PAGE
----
Clackamette Cove - In the spirit of John Gray
Many years ago, while directing the development and operations of the John Inskeep Environmental Learning Center in Oregon City, I had the opportunity to meet John Gray.
We met when he invited our "Enviro Trekking Tour" students — primarily teachers — to his new operations at Sun River, in Central Oregon. At this site, he dedicated the first building, the "Nature Center," which would guide the development. This man - a graduate with business degrees from Oregon State University and Harvard, took the time to talk to us about his life as an industrialist and his interest in being Oregon's "environmental developer."
Mr. Gray owned Oregon Chain Saw Company (Omark Industries), which is now Blount International. Then, in the 1950s he sought to showcase the best of Oregon through quality development.
His other projects include Salishan (the conversion of dairy lands on the Oregon Coast) and Scamania Lodge on the Columbia River Gorge to the condominiums, townhouses and destination resorts at spectacular sites.
Redevelopment of terribly degraded lands along the Willamette River was his specialty. We know those lands, today, as John's Landing, overlooking Ross Island. Senator Mark O. Hatfield lived out much of his life on those redeveloped industrial lands that Gray made possible for habitation through beautifully integrated townhouses and condominiums. Hatfield used to comment on "watching the logging operations of bald eagles and herons as they build their nests." What does all this have to do with Clackamette Cove in Oregon City?
The Cove, some 100 acres of land and water, was a major industrial site for nearly half a century and supported the local economy and major infrastructure in downtown Portland.
Like John's Landing, Cove lands were degraded, needing serious rehabilitation. In the early 2000s, Oregon City's Urban Renewal Agency bought the property seeking opportunities to convert the gravel-quarrying operation to benefit the city's North End district. Their wisdom, put into force, a long and tenuous path that though some would desire quick results would in fact, as Gray so often did, require careful planning and execution.
There are no easy ways to redevelop an industrial site that had mining operations, asphalt and concrete plants and many related industrial uses. Oregon City's Cove project is directly linked to the Clackamas River and its ecosystems. It is in a flood zone wherein floods can raise the Willamette and Clackamas rivers 50 feet higher than normal. Just like Gray's John's Landing project, any redevelopment must consider all of those factors in an alphabet soup of local, state and federal agency oversight. Ever heard of NOAA, USF&W, EPA, ODOT, OSLD or Metro? These are but a few of the modern regulatory agencies that began in infancy when John Gray was doing his work. Why is this important? Only the right developers will achieve results.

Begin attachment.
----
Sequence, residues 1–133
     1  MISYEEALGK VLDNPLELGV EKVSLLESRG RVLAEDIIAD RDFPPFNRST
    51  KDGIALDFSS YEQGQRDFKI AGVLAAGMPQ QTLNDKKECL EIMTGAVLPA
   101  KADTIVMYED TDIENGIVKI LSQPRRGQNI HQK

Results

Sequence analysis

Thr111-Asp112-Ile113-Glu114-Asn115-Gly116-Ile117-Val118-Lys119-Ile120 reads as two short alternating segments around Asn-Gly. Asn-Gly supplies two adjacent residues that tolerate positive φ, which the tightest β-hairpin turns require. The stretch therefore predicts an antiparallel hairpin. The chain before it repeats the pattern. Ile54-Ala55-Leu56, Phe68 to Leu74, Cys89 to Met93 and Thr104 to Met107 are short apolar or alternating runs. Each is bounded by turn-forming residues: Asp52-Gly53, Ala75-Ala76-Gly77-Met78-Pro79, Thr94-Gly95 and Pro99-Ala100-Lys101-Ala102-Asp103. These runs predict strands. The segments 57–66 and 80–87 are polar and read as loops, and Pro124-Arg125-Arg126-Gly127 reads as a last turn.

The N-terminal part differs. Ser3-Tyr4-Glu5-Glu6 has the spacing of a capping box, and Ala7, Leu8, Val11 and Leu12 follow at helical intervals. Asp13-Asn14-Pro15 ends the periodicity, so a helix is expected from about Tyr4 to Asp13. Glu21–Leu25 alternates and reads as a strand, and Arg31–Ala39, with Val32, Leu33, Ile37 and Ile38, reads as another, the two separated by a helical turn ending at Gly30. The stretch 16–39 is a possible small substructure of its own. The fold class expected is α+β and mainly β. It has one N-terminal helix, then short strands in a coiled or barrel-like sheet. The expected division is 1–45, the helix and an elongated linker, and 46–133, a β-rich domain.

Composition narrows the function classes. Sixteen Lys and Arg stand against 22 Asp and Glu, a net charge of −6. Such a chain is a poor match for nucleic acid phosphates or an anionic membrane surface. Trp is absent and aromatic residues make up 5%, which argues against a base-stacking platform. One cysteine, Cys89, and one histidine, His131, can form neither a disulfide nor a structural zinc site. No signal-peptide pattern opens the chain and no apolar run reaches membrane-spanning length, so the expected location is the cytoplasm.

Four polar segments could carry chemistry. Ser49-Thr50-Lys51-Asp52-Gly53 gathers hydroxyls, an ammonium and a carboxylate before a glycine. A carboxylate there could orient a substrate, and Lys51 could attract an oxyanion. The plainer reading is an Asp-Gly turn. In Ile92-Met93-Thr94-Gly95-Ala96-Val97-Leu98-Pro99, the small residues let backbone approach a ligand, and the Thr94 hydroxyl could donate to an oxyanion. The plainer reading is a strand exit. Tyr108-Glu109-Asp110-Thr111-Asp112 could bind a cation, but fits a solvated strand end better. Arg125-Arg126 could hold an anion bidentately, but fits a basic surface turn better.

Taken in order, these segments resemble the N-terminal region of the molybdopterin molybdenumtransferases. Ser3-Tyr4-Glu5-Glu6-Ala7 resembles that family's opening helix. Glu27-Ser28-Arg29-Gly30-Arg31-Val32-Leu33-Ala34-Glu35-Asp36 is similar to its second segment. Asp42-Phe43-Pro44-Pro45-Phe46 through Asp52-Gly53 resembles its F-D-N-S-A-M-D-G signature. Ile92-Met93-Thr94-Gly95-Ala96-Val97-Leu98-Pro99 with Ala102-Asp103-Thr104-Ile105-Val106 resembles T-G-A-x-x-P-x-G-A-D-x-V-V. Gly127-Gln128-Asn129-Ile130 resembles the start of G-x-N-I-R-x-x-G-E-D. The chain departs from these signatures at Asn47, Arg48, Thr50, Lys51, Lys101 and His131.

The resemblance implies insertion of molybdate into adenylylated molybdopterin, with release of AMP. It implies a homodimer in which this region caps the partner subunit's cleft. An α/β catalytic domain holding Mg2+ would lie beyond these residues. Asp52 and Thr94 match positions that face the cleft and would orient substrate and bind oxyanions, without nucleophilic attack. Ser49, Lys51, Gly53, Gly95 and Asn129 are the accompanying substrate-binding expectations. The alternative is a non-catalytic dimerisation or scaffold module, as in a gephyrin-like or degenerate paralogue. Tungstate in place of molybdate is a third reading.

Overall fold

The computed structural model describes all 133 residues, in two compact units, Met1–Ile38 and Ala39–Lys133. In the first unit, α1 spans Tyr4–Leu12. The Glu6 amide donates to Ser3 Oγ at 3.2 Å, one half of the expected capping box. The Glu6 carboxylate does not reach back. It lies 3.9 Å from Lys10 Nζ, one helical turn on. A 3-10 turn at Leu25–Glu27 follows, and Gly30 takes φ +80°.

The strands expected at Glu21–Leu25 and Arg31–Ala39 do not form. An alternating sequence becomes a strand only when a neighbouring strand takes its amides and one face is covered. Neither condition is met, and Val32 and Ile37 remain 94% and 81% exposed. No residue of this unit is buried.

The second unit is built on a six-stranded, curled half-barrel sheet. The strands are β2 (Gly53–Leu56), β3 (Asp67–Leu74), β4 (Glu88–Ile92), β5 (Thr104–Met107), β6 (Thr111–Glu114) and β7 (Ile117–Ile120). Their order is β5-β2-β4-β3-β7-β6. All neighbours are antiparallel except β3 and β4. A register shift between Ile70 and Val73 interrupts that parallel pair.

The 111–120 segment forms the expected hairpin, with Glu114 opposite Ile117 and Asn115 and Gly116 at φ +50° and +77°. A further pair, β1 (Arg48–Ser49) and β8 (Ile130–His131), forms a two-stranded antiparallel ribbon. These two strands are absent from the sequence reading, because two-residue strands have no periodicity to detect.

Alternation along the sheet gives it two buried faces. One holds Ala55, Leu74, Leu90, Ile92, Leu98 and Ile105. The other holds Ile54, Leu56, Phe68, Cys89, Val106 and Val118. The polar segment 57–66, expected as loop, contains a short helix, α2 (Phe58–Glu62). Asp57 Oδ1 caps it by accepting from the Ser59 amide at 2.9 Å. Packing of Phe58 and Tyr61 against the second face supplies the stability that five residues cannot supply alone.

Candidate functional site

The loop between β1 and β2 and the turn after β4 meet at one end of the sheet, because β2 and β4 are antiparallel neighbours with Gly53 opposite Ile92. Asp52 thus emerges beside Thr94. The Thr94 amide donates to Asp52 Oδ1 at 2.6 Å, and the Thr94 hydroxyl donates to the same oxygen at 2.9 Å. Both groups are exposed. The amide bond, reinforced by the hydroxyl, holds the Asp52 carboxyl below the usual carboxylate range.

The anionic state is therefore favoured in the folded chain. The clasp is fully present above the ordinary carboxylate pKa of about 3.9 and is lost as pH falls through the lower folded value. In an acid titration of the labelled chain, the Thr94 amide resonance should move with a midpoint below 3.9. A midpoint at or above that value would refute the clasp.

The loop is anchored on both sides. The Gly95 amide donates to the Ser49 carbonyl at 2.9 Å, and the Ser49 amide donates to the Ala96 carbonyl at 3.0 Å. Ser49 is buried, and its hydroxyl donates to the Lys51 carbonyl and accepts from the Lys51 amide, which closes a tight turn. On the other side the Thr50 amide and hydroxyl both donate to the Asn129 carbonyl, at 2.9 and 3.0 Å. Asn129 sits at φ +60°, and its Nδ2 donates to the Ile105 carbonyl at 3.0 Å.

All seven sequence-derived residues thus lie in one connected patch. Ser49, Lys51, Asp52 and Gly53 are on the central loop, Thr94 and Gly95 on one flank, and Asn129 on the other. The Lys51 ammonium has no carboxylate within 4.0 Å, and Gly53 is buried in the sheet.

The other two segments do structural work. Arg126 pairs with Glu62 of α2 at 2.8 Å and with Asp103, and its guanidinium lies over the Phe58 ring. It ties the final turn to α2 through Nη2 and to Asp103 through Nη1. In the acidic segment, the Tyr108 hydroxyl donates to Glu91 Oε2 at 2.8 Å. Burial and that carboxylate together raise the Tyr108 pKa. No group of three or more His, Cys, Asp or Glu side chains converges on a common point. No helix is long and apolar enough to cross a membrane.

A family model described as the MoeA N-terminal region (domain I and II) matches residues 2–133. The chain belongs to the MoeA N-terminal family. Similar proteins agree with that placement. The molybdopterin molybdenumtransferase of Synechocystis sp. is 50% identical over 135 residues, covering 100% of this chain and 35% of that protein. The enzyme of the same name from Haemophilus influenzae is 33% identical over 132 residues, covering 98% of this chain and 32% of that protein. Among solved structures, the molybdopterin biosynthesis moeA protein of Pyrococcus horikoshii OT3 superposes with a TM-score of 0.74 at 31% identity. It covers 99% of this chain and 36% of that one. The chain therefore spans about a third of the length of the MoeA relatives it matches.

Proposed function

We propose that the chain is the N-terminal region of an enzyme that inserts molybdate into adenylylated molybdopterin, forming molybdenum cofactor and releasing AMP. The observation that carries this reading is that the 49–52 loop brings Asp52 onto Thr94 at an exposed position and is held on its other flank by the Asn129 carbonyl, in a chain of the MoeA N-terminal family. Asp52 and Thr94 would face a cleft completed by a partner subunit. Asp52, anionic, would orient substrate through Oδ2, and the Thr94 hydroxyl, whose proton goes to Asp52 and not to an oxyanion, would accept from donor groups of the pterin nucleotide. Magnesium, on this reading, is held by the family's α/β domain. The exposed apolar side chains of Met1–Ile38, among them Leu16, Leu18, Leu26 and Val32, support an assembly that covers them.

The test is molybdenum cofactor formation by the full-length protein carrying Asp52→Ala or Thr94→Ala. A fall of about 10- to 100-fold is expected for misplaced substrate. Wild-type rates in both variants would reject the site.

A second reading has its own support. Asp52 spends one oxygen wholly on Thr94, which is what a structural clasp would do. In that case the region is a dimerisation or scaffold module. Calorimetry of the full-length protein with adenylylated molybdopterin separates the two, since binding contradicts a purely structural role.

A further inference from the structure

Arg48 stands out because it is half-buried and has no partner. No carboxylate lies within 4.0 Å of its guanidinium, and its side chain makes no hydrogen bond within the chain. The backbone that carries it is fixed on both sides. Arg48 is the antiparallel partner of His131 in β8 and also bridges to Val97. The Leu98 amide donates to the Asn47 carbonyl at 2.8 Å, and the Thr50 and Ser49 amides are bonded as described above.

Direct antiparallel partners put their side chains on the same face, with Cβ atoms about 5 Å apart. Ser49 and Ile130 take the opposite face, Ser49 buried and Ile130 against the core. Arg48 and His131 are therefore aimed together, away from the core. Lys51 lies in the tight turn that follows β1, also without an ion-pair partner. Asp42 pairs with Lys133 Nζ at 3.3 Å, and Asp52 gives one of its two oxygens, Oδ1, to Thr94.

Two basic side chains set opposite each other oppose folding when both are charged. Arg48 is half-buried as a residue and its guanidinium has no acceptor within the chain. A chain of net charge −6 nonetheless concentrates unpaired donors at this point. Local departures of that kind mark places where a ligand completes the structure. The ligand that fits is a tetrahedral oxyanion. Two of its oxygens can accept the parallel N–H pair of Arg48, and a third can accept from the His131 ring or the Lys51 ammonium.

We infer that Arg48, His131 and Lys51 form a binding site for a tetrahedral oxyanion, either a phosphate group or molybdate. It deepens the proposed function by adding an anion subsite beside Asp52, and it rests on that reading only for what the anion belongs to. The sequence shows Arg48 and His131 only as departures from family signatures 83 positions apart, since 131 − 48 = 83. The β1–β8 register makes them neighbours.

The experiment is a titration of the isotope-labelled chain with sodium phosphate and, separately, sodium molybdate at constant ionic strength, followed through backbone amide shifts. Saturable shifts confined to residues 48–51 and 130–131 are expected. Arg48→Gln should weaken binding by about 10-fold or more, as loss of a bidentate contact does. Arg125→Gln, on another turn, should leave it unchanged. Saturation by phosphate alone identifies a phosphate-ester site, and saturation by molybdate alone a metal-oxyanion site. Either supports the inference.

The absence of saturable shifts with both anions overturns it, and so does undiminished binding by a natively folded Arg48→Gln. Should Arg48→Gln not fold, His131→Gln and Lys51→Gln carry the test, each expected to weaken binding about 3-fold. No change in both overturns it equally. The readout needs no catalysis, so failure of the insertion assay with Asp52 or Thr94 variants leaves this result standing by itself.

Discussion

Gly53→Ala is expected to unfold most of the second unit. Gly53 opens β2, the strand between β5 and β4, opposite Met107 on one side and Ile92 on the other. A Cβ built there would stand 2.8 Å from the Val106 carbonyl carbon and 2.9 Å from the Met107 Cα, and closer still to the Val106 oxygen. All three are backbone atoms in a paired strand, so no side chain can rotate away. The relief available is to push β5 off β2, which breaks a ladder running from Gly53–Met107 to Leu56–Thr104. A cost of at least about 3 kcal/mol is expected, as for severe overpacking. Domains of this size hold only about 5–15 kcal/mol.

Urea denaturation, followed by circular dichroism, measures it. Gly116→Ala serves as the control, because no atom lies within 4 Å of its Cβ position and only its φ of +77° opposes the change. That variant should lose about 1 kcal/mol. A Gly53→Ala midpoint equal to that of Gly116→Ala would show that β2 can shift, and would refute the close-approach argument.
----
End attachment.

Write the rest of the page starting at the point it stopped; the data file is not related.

Oregon City looked at many developers initially. Ultimately two very qualified developers, Clackamette Cove LLC and Grand Peaks Development, were chosen to execute this difficult project. Clackamette Cove LLC has produced over 100 successful projects throughout the Northwest that showcase people and wildlife while providing economic vitality. Grand Peaks Development, named for Colorado beauty, created much of the hilltop improvements by West Linn's City Hall. Both these companies have interfaced with very difficult sites.
Clackamette Cove and its parent organization Pacific Property Search took on major redevelopment of a former cement plant in Lake Oswego. It is called Oswego Pointe and boasts over 400 residential units tucked seamlessly into the environment by the river. The adjoining "Foothills Park" is a partnership between that developer and the city and is one of the most beautiful riverside parks in Oregon. My research shows that Sen. Mark O. Hatfield dedicated that site with General Miller from the Governor's Office, due to its foresightedness and accomplishments.
Being a quarry is one thing, but being down gradient from two of Oregon's worst landfills is even worse. But both these companies are more than capable of producing a product of beauty, sensibility and economic benefit to this region.
So here I am "an environmentalist" supporting economic development. Why shouldn't I? Why shouldn't we?
John Gray did it as an industrialist and then "practical environmentalist."
There are many lands in and around our state that need serious help. The city of Oregon City is doing the right thing in pursuing the redevelopment of the Cove's former industrial lands. It takes time. There are serious challenges. But the results will be like that of John Gray, where people, wildlife and economic development all stand as equals.
Jerry Herrmann leads Rivers of Life Center, youth education and training corporation that seeks sensible solutions to difficult environmental problems.